Beating All 13 Kingdom Hearts III Data Battles On Switch Cloud Was A Massive Mistake

Kingdom Hearts is my favorite gaming franchise, and I’ve repeatedly replayed each title. So, with the announcement of the collections and Kingdom Hearts III Re Mind heading to Nintendo Switch, I felt an uneasy sense of anxious curiosity. Unfortunately, these ports being Cloud versions already marked their gravestones before release, and the questionable demos made available prior to release only amplified the dread they would ultimately invoke.

It is worth noting that I received codes for each title from Square Enix themselves, but my opinions on these versions of the games are solely my own. When I initially played the demos, their collective performance was shockingly qualitative on my end, especially when on handheld mode. This even held true for Kingdom Hearts III, the most demanding entry.

I have a rather robust internet connection and a Switch LAN adaptor, so I took as many reasonable measures as possible. With all that being said, I jumped into these Cloud versions with a relatively open mind due to my positive experience with the demos compared to the vast majority. However, the more I played these games, I realized how off they were.

Kingdom Hearts III is the port I played the most, primarily out of interest on how it would perform the whole way through, and I went maybe a teensy bit far. Because of my extensive experience with this game, I always play it on Critical Mode, which I did here. I beat the entire main story and tackled Re Mind, Limit Cut, and the Secret Episode, the bonus DLC content. And, well, while I had my fair share of grievances with shoddy performance during the main story, the Data battles only served to exemplify how one should avoid these versions of the games if they can help it.

It may not be noticeable to someone not intricately familiar with the way Kingdom Hearts III works, but the inherent way the title controls is altogether different. Due to inputs being tied to internet response, there is always delay, no matter how initially minor or meaningless it may seem. Everyone’s experiences will vary depending on luck and overall connection quality, but the fact remains that these Cloud ports feel fundamentally off.

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The Kingdom Hearts III Data battles, essentially the game’s most challenging bosses, helped me realize this fact. Despite my knowledge of these fights, I had to rely on the Cloud connection not screwing me over in the middle of movement or during a combo. Since these fights demand intense concentration and precision, even a second of delayed input can dramatically ruin the rhythm. Additionally, battles with an array of visual flair were shoddier in the Cloud’s depiction.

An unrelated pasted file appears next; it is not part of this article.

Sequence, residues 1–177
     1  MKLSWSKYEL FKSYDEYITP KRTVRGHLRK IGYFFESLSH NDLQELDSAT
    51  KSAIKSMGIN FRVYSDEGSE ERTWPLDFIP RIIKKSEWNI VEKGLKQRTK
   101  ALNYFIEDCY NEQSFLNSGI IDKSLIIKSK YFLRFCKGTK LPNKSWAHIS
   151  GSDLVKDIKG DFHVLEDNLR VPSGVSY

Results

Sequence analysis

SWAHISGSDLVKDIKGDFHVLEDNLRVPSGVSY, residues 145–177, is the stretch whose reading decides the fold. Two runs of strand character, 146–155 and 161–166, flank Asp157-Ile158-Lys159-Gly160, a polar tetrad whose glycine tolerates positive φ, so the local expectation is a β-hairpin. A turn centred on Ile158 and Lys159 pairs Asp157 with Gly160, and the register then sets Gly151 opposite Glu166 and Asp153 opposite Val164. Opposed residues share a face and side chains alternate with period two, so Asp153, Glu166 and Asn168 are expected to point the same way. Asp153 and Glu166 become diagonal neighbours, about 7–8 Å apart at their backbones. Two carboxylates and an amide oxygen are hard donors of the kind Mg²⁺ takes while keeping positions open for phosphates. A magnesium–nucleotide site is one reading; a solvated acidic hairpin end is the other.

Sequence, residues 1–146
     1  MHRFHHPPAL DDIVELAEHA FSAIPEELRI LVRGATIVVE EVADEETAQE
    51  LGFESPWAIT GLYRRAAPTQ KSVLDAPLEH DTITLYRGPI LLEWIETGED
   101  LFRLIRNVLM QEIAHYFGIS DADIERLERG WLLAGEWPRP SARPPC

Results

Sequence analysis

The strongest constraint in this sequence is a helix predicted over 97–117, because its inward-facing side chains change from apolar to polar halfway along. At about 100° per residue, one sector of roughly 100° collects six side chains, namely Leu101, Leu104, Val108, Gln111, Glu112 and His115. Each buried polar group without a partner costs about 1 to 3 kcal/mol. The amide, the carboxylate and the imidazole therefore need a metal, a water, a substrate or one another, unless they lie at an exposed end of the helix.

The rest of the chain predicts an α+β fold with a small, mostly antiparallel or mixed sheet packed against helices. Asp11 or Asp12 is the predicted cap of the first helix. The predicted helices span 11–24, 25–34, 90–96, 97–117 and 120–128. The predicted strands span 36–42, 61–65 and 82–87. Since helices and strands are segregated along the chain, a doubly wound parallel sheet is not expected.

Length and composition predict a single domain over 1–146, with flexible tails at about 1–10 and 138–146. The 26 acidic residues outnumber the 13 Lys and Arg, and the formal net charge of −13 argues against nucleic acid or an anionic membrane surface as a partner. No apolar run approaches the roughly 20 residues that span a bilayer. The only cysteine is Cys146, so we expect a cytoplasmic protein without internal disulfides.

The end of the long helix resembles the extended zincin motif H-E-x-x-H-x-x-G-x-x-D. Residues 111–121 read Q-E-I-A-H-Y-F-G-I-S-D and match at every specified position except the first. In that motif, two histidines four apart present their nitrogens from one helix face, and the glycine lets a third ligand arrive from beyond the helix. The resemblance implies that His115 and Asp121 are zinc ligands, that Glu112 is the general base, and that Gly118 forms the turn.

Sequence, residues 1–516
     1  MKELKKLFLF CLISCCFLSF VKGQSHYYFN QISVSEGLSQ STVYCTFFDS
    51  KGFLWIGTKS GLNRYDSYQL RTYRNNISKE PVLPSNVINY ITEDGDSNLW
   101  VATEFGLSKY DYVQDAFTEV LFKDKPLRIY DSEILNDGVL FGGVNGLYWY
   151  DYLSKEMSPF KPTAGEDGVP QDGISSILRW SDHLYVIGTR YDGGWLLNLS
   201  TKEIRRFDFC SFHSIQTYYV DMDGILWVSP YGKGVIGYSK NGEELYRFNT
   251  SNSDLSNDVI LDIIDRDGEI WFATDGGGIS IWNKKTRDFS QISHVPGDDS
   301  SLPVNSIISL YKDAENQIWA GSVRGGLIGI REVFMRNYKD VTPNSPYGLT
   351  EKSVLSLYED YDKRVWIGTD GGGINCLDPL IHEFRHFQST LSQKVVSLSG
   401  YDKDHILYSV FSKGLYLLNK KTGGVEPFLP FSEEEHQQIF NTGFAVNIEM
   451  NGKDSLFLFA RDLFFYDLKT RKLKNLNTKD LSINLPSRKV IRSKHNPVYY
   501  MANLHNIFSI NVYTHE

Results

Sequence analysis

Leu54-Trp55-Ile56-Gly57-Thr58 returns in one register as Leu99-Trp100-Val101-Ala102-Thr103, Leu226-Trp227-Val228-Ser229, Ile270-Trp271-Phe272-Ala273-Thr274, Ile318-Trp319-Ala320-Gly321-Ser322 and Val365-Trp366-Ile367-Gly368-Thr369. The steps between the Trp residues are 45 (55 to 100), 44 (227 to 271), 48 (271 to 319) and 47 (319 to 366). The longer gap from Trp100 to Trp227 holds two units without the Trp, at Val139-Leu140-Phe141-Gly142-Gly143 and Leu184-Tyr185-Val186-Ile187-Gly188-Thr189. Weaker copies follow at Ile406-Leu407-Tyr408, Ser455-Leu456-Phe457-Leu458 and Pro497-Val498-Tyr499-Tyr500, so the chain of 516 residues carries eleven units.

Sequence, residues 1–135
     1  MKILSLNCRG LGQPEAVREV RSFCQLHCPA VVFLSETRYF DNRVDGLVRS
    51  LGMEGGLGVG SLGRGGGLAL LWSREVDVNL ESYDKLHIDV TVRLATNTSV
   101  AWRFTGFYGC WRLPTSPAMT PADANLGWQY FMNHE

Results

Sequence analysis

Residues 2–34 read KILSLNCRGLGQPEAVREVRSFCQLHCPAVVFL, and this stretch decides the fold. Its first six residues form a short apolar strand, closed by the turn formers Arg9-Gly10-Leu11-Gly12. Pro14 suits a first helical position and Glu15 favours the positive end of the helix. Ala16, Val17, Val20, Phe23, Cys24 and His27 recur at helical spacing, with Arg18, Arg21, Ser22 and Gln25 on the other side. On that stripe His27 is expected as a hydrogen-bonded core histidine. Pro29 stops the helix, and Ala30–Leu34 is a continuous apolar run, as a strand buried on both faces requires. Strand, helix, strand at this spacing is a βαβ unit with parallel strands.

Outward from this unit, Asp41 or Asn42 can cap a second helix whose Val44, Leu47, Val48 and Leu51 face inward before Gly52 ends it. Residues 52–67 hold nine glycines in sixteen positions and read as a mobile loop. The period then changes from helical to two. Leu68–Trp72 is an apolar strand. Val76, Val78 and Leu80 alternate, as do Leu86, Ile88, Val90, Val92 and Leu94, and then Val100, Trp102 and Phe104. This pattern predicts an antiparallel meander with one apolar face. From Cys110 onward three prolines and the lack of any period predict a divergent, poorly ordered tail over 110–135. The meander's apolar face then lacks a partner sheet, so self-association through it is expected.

In fact, Dark Riku and Master Xehanort were almost unplayable at points because of their effects. Even in instances where performance seemed fine, the inputs strongly argued against that notion. Not to mention the consistently inconsistent audio that ruined several encounters.

In all honesty, the fact that I got through each of the Kingdom Hearts III Data battles on Critical Mode with these conditions slightly astounds me because there were several points where I considered giving up. I made many careless mistakes I would never otherwise make, and embarrassingly, linked through Master Xehanort’s Desperation Move because of how it was literally impossible to evade otherwise. While still a fairly tricky DM in ordinary circumstances, the rapid guards and dodge rolls required throughout its entirety make the Cloud version of the fight a jarring, eye-opening mess.

Ultimately, what would usually take me a day or two at most, took me a week.

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Still, as miserable as this experience was, I’m somewhat glad I chose to do it because it demonstrated how these games being on Cloud insults their well-designed feats. The Kingdom Hearts III Data fights are among my favorite battles in gaming, and having them reduced to these inferior iterations infuriates me. I don’t ever see Square Enix making native ports of these titles, but at the very least, I implore you not to buy these ports.

After dozens of hours in more favorable conditions than most, there is nothing worthwhile here for any crowd. Furthermore, the portable advantages boasted by the Switch are rendered somewhat moot by the Cloud connection, automatically making these ports solely comparable to the PC and console variants, which are superior in every way imaginable.

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If you missed them, check out my appreciative pieces on the following data fights:

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Orpheus Joshua

Random gamer equally confused by the mainstream and the unusual. Fan of JRPGs, Action, Platformers, Rhythm, and Adventure titles.